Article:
But it’s not actually about money. It’s not the money that loses sleep, makes poor choices about saving and borrowing, gets bored (with the job and/or not having “enough” money) and goes for retail therapy, ignores “good” advice, develops bad habits like alcohol abuse, or becomes depressed. Of course, it’s people who experience these complex mental and emotional states, and it’s within these states of mind that people are trying to make decisions about what to do with their money. There has been an increasing focus among policymakers and service providers in increasing people’s financial capability and financial literacy in order to improve financial health and decrease debt.  The thinking goes, “If only people could better understand the money and how it works, they will be able to make better choices”, and then they shape policy around this.  But a policy to help people manage money needs to focus on people, not money. The money is just a tool, and it’s a simple tool. People are unique; the brain is the most complex single entity in the universe and even twins (with the same genes and environment) are each unique.

However, the complexity and uniqueness of people mean that it’s hard to know what to do, and how to do it.

Whether it’s a resident struggling with debt, a tenant unable to pay their rent, or someone who has recently become unemployed; here is a (simplified) example of what this complexity looks like in practice:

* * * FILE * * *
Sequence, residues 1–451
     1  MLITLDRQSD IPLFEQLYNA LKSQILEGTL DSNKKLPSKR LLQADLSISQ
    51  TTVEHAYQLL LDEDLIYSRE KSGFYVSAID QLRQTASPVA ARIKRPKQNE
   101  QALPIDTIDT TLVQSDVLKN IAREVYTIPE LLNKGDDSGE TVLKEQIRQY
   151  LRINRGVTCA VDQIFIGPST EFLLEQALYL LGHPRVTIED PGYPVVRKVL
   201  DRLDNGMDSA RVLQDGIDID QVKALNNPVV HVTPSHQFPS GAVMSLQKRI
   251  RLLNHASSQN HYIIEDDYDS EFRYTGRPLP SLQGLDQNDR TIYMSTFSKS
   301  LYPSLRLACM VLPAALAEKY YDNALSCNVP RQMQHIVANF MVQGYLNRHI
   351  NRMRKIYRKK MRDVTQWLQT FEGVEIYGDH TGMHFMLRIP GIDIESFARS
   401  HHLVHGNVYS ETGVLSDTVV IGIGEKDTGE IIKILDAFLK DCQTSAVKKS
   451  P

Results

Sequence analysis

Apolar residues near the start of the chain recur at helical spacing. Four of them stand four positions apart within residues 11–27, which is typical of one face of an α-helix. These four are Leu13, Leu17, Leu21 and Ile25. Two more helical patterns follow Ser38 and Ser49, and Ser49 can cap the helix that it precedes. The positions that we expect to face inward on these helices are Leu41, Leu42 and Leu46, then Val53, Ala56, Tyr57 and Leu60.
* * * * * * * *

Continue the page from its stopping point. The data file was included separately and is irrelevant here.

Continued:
• A client is advised how to budget and economise, negotiate with creditors, claim all appropriate benefits, but still has negative income. They don’t seem to respond to the advice on setting a budget, they have an adult child at home who makes no contribution, and when some progress is made they celebrate with a session of “retail therapy” that makes them worse off than before.

The advice about the money is useful, but there is no help with the personal issues, the inability to cope, such as prioritising urgent debt, handling a zero-hour contract and consequent irregular wages, the inability to speak calmly about money to a partner and child and the impossibility of building up any savings as a “rainy day” fund. And that is not to mention any possibility of clinical depression, or the disabling effect of the gloom of seeing no end to the situation and no possibility of a “happy ending”.